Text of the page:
How to manage assets for special needs individuals

If the parent of a special needs child in North Carolina plans to leave that child an inheritance, it should be done in a strategic manner. Simply leaving the money directly to the child could result in that person losing his or her access to Medicaid and other types of government benefits. One way to protect assets while retaining some type of control over the money is to create a first-party special needs trust.

Once the trust is created, the trustee is the only person who is authorized to handle the money. The person with the special needs would have no authority to revoke the trust without first petitioning the probate court. If there is any money left in the trust when the beneficiary passes on, it must be returned to the government. Alternatively, a parent could setup a third-party special needs trust.

This trust would be funded with the assets of a third party as opposed to the assets of the beneficiary. Therefore, if there is anything left in the trust after the beneficiary passes on, it can go to whoever the trustee chooses. Like the first-party trust, the special needs individual could receive government benefits while retaining assets. The trust is still controlled by the trustee or multiple trustees if others are also designated to fill the role.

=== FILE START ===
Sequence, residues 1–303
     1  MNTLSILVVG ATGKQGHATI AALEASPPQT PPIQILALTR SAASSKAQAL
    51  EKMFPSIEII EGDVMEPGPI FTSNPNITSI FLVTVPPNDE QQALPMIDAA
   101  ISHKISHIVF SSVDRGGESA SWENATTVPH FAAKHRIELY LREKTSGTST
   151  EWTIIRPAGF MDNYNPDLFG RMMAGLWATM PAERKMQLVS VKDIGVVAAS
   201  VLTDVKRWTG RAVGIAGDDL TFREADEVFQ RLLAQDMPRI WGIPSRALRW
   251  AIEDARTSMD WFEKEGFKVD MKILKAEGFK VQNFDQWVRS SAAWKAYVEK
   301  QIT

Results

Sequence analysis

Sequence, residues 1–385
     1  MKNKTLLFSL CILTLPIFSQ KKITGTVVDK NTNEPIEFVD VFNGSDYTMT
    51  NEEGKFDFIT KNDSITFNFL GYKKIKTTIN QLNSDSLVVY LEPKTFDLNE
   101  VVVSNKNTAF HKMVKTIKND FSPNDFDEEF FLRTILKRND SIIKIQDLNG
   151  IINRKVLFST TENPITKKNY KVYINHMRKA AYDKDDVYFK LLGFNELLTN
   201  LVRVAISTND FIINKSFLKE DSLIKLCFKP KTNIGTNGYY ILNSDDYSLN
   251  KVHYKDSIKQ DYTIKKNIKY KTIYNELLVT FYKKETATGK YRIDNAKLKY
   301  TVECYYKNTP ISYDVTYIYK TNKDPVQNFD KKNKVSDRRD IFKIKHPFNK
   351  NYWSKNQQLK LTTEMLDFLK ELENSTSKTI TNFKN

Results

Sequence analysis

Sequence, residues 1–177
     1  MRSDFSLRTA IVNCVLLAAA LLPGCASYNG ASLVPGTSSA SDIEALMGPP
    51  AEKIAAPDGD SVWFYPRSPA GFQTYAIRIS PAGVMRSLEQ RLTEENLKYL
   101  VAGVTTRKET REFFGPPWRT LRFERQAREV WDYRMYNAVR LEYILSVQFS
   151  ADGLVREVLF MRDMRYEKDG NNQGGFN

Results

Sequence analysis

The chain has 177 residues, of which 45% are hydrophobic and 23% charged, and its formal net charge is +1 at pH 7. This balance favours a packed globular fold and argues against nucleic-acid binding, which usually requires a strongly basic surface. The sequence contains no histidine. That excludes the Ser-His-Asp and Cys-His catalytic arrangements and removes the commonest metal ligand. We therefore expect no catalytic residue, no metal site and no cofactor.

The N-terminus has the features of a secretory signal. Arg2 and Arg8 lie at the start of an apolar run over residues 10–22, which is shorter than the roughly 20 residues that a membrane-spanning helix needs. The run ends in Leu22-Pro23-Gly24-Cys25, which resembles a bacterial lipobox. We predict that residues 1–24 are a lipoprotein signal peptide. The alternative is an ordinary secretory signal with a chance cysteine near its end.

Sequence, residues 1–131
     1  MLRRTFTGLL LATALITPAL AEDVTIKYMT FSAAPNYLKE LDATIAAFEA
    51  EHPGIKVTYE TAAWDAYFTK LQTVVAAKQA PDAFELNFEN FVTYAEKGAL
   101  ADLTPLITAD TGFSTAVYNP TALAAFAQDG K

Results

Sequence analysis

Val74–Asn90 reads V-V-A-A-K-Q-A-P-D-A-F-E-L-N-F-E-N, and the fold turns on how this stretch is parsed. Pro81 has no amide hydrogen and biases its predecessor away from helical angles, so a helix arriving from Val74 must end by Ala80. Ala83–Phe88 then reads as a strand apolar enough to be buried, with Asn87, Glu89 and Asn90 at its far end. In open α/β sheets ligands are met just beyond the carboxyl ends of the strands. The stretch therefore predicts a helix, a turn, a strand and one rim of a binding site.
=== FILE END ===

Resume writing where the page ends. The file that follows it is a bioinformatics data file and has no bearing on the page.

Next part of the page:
Engaging in trust planning may allow the family of a special needs individual to manage assets in a manner that allows the beneficiary to remain eligible for government benefits. An attorney may assist in creating the trust or assist in making changes to the trust if that is allowed.